Recession news and information floods our TV, newspapers and blogs. The loss of jobs, rising cost of living, and stimulus packages all make headlines. A quick Google search on effects of the recession will produce stories about stress, environmental emissions and now reproductive decisions have made that list. Yes, the recession has made its way into the bedroom and is affecting women’s choices about whether or not to have children.
The Guttmacher Institute came out with the results of a survey that showed that many women are delaying pregnancy, foregoing having more children or deciding not to have any children ever.
- Nearly half of surveyed women (44%) report that because of the economy, they want to reduce or delay their childbearing.
- Most of these women want to get pregnant later (31%), want fewer children (28%) or now do not want any more children (7%).
- Sixty-four percent of women agree with the statement, “With the economy the way it is, I can’t afford to have a baby right now.”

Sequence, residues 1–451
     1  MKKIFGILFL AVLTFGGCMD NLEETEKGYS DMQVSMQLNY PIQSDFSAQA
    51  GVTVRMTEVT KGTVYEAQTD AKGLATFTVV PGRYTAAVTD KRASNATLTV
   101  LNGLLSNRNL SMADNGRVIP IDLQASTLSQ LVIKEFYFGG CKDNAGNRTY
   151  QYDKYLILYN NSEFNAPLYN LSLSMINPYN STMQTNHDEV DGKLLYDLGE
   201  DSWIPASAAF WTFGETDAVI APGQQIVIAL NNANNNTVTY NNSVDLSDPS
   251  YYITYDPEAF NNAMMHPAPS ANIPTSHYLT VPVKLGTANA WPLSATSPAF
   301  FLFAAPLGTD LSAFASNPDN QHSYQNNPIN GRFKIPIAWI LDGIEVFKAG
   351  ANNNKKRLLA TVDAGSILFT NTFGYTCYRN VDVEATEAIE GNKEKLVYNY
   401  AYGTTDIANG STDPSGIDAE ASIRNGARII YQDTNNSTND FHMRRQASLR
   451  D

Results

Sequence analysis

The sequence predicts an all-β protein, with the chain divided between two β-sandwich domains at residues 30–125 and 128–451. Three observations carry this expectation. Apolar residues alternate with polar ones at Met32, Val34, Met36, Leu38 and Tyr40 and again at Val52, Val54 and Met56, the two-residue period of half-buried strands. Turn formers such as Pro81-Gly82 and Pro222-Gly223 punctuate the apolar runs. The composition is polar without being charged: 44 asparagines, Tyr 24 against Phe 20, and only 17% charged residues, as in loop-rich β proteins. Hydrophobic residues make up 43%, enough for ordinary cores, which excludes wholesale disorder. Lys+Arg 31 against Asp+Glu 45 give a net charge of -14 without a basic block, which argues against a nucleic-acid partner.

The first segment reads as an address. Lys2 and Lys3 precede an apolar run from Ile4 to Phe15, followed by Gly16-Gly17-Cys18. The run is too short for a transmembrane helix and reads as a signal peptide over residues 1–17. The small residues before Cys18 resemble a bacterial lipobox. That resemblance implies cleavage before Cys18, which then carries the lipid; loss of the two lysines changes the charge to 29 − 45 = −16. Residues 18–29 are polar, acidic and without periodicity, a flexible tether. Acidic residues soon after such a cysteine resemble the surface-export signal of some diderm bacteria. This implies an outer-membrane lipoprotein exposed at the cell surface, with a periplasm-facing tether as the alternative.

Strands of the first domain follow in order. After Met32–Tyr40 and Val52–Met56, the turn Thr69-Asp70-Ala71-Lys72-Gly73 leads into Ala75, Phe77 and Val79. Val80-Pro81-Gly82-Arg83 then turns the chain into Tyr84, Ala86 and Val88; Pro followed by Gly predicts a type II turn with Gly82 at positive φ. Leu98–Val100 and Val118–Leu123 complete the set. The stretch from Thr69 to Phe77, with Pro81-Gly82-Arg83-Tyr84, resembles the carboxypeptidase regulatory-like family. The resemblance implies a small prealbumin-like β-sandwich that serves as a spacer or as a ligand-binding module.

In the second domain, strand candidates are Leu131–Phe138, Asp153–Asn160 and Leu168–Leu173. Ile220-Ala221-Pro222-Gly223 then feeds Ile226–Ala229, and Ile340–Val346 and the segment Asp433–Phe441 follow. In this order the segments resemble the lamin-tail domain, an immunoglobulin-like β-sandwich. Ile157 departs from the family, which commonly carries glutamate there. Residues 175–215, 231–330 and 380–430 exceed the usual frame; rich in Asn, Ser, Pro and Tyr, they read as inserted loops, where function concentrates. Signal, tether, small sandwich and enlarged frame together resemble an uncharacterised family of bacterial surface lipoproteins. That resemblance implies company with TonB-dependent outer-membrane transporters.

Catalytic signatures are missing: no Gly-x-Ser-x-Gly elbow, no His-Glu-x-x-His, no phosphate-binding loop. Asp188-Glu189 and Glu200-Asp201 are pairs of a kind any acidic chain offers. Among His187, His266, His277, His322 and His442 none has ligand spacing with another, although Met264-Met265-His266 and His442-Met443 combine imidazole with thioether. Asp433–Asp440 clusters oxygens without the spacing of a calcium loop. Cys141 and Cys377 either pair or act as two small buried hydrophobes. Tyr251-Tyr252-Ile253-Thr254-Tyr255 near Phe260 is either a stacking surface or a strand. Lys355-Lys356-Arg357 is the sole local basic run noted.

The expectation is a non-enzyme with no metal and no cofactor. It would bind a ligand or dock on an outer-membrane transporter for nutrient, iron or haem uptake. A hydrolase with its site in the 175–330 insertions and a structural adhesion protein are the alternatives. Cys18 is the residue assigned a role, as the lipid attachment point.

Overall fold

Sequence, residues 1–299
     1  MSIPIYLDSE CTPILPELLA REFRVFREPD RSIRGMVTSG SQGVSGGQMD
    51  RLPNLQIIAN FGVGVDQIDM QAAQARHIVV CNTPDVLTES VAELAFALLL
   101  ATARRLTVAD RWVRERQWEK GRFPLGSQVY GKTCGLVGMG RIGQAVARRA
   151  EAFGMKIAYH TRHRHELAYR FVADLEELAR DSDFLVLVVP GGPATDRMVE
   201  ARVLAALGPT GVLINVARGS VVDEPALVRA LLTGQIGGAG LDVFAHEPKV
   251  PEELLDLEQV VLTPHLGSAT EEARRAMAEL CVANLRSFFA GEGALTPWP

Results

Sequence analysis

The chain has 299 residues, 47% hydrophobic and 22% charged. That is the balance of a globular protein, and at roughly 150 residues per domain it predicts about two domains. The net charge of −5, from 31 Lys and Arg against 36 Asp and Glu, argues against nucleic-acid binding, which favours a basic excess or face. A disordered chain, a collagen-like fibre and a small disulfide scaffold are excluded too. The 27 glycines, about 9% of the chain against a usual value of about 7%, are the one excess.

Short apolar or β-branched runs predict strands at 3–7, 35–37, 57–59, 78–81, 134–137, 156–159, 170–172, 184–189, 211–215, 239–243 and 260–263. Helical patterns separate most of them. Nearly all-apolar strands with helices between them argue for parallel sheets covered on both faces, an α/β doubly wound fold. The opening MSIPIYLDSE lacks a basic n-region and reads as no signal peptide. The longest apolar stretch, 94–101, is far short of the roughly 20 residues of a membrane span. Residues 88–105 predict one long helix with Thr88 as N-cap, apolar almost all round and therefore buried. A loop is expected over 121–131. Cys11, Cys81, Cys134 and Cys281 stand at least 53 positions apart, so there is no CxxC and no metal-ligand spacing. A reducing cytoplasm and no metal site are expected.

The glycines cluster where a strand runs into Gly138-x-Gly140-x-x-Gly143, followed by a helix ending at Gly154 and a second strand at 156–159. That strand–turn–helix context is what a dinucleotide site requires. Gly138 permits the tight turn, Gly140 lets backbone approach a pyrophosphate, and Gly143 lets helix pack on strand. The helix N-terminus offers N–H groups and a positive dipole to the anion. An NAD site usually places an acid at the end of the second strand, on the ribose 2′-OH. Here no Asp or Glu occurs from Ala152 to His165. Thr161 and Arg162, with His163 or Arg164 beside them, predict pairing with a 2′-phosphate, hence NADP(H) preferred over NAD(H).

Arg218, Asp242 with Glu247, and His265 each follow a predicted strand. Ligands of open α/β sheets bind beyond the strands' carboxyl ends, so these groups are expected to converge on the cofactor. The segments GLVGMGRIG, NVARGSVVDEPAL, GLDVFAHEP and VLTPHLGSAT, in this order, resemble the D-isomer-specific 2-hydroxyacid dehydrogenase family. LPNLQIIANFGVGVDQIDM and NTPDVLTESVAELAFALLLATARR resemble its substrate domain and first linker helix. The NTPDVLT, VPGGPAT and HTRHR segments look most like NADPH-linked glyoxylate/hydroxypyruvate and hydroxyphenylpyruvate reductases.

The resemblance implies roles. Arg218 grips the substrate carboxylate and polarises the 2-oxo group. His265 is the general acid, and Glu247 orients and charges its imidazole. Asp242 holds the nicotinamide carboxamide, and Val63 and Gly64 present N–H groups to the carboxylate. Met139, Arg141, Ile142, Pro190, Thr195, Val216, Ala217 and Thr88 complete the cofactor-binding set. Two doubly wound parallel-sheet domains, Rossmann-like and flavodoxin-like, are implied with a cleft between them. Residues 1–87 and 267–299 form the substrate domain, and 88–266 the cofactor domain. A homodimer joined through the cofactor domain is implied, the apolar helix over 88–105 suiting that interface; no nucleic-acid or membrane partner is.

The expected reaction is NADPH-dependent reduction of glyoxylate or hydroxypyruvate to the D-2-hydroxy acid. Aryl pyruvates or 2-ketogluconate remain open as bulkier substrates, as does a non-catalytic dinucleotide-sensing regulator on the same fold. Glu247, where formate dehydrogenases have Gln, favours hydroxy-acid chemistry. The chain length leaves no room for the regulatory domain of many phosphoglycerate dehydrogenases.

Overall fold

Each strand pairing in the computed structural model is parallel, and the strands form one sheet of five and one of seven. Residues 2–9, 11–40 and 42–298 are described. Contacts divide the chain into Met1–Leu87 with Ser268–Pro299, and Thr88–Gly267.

In a slightly ironic twist the recession, some women are finding it harder to access and maintain birth control habits. Many women are also taking a lot of extra precautions to avoid getting pregnant.
- Eight percent of women report that they sometimes did not use birth control in order to save money
- Among women using the pill, 18% report inconsistent use as a means of saving money.
- Twenty-three percent of surveyed women report having a harder time paying for birth control than in the past
The most troubling news about reproductive health during the recession is the number of women that are putting off doctor visits.
- Nearly one out of four women report having put off a gynecological or birth control visit to save money in the past year. Women who lost their health insurance during the past year are more likely to report delaying a visit than are those who did not.
Reproductive rights have always been more than “just” a women’s issue. Economic issues play a major role in access to education and resources. The dangers that can come from cutting corners on women’s health can be seen most substantially in lower-income families. These study results show another way economics impacts reproductive choi